LLJ - Logic Language for JVM
Switch branches/tags
Nothing to show
Clone or download
Fetching latest commit…
Cannot retrieve the latest commit at this time.
Permalink
Type Name Latest commit message Commit time
Failed to load latest commit information.
conf
src
.gitignore
LICENSE
README.md
pom.xml
profile.sh

README.md

LLJ - Logic Language for JVM

LLJ is Prolog-like logic language for running on JVM. It allows close integration with Java libraries. LLJ was developed in 2008-2010. The code is fairly commented and covered with various test cases.

Differences from real Prolog

  • Code is loaded through Java classpath
  • Module names correspond to Java classpath entries
  • Syntax is based on UTF-8
  • Terms can be arbitrary Java objects
  • No term/goal expansion
  • No DCG's
  • No custom operators
  • Assert/retract can only be used for ground predicates
  • Most ISO-Prolog standard predicates are not implemented

Dependencies

For embedded usage there are no dependencies other than the Java Runtime Environment (>= 1.6). The interactive top-level command-line interface requires jline to be in the classpath.

Compiling

Compiling requires JDK (>= 1.6) and Maven. Run Maven goal mvn package to build the jar file into target/llj.jar.

Usage

Example module (queens benchmark):

:- module(ee:pri:rl:llj:benchmark:queens, [
	queens/2,
	count/2
]).

:- import(llj:list).
:- import(llj:lang).
:- import(llj:findall).

count(N, C):-
	findall(_, queens(N,_), L),
	length(L, C).

queens(N,Qs) :-
	range(1,N,Ns),
	queens(Ns,[],Qs).

queens([],Qs,Qs).
queens(UnplacedQs,SafeQs,Qs) :-
	select(UnplacedQs,UnplacedQs1,Q),
	not_attack(SafeQs,Q),
	queens(UnplacedQs1,[Q|SafeQs],Qs).

not_attack(Xs,X) :-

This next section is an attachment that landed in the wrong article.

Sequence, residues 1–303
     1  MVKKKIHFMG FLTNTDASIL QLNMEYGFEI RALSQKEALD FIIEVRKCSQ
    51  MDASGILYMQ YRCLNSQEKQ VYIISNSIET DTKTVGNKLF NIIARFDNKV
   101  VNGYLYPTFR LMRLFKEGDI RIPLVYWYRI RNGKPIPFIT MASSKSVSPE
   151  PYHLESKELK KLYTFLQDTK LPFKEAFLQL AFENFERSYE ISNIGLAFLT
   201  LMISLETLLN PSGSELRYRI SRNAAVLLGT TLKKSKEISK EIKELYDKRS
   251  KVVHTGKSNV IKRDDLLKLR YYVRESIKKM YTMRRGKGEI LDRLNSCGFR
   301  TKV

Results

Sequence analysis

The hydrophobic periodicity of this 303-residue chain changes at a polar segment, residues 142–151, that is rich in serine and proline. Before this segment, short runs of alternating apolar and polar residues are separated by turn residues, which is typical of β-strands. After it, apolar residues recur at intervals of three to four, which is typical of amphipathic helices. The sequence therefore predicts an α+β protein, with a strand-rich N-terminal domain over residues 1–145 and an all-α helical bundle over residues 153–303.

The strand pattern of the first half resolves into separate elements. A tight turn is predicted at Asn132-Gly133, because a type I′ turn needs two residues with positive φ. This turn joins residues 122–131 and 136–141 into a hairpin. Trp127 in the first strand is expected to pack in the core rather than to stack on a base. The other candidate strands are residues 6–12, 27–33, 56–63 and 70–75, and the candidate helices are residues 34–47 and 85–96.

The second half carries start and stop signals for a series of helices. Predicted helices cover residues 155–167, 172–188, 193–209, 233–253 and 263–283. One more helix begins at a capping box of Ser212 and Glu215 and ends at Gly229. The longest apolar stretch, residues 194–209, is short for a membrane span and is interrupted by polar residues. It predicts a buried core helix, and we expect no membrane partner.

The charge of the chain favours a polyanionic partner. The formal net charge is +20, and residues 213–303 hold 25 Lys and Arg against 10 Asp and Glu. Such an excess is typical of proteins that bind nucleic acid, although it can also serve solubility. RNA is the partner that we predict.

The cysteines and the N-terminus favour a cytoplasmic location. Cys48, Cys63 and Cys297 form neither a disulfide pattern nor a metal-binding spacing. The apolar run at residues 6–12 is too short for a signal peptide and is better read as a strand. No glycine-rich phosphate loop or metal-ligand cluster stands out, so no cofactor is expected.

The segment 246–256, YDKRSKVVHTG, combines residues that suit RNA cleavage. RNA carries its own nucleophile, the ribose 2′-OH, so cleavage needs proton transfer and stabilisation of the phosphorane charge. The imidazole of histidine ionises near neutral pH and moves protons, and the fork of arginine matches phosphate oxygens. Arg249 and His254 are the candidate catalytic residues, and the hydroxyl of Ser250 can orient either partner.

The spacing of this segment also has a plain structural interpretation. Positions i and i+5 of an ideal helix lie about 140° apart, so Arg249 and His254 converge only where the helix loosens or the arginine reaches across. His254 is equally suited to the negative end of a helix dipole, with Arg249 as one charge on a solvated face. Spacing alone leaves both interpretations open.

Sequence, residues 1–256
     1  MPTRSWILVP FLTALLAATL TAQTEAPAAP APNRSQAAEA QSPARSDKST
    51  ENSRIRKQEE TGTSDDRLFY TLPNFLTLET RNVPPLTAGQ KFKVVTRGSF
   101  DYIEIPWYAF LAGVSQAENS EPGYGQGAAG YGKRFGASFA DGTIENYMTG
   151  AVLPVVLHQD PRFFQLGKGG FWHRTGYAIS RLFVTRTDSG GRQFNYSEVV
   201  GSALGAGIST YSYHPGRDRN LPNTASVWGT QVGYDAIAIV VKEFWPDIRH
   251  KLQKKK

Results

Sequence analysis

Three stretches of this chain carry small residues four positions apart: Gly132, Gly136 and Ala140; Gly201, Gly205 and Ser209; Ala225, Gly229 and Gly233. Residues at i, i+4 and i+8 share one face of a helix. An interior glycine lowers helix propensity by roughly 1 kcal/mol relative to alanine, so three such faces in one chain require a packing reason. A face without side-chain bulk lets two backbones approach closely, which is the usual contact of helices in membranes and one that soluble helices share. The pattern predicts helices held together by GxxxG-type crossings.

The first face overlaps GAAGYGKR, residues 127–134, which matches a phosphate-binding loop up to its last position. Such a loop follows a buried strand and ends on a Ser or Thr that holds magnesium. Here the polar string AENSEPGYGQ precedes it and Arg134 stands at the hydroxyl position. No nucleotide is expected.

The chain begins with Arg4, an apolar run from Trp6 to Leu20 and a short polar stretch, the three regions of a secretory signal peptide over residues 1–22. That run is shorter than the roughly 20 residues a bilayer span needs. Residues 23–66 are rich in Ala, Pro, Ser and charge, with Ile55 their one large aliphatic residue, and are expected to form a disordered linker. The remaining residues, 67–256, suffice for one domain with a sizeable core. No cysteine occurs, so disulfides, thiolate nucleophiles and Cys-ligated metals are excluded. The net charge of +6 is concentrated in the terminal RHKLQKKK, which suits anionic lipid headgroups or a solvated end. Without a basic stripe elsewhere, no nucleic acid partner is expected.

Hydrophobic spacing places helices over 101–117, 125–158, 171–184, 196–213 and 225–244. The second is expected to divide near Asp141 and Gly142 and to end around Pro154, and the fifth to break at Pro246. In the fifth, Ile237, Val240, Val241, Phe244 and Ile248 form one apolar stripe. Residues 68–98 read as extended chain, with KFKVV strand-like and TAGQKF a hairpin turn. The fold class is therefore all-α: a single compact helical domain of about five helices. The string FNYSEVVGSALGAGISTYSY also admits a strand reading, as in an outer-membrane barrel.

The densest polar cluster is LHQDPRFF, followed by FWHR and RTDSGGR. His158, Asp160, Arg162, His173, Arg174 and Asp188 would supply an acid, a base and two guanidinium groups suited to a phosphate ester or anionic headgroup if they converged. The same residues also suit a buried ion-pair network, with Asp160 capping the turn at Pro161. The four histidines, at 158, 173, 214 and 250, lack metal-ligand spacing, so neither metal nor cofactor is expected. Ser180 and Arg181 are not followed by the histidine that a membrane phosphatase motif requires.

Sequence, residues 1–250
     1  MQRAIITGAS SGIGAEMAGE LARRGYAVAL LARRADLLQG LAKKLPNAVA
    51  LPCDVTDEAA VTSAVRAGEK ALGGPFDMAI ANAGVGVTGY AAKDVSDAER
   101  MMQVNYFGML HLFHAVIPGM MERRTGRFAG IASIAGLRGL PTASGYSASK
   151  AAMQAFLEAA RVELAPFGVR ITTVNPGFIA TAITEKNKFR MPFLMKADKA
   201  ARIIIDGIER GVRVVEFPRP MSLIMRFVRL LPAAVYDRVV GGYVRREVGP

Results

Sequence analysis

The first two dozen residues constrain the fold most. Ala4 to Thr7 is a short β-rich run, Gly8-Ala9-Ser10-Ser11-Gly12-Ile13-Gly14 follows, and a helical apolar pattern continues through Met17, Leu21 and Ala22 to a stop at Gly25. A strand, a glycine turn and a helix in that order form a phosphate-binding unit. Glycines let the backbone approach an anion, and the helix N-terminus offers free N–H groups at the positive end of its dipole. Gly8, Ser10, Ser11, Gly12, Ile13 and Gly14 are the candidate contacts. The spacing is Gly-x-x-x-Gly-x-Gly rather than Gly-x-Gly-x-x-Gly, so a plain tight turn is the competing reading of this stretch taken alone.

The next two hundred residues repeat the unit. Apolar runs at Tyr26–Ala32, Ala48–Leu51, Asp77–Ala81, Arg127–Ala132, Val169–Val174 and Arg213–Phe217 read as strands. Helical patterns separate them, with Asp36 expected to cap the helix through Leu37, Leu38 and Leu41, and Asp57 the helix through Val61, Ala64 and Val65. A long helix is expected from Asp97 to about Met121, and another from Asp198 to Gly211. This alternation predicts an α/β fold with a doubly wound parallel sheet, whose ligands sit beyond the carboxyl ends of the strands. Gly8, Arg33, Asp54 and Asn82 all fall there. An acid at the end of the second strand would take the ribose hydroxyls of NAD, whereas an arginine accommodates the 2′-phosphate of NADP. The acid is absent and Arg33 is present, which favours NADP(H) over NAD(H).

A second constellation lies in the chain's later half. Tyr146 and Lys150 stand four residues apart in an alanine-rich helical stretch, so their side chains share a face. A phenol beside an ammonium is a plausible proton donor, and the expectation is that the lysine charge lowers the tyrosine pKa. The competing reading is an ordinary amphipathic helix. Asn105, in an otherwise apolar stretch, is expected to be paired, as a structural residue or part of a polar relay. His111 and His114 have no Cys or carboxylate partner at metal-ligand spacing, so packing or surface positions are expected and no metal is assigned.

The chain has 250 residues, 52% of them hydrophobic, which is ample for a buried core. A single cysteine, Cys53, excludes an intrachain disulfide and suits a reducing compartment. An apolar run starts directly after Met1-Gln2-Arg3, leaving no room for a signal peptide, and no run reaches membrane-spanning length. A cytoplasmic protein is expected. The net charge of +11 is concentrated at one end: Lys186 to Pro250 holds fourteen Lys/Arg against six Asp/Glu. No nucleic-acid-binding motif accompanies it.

not_attack(Xs,X,1).

not_attack([],_,_) :- !.
not_attack([Y|Ys],X,N) :-
	X =\= Y+N, X =\= Y-N,
	N1 is N+1,
	not_attack(Ys,X,N1).

select([X|Xs],Xs,X).
select([Y|Ys],[Y|Zs],X) :- select(Ys,Zs,X).

range(N,N,[N]) :- !.
range(M,N,[M|Ns]) :-
	M < N,
	M1 is M+1,
	range(M1,N,Ns).

Example code of using LLJ from Java:

public class MemberExample {
	
	public static void main(String[] args) throws LLJException {
	
		// Creates new LLJ context
		LLJContext context = new LLJContext("llj:list");
		
		// Creates new LLJ query
		RuntimeQuery query = context.createQuery("member(X, [1,2,3])");
		
		// Executes the query for the first answer
		if (query.execute()) {
			System.out.println("First answer: " + query.getBinding("X"));
		}
		
		// Tries to find more answers
		while (query.hasMore()) {
			System.out.println("Also: " + query.getBinding("X"));
		}
	}
}

The LLJContext class is thread safe while RuntimeQuery must be used only by a single thread at once. Multiple RuntimeQuery classes can be executed at once on the same context at the same time.

Defining predicates through Java code (this is example from llj:io module):

public class Io implements JavaModule {

	@Predicate(name="list_files", arity = 2)
	public AbstractGoal listFiles2(JavaCallGoal goal) throws Exception {
		File file = goal.getObject(0, File.class);
		goal.setVar(1, RuntimeListStruct.fromArray(file.listFiles()));
		
		return goal.G;
	}
}

Similar

  • WProlog is a Prolog implementation on JVM. While it lacks cut, arithmetics, modules and arithmetics I got some of my implementation ideas from it.
  • XProlog enhanced version of WProlog.

Authors

Some of the test cases were taken from example code of the excellent book Learn Prolog Now!.

License

LLJ is distributed under LGPL license.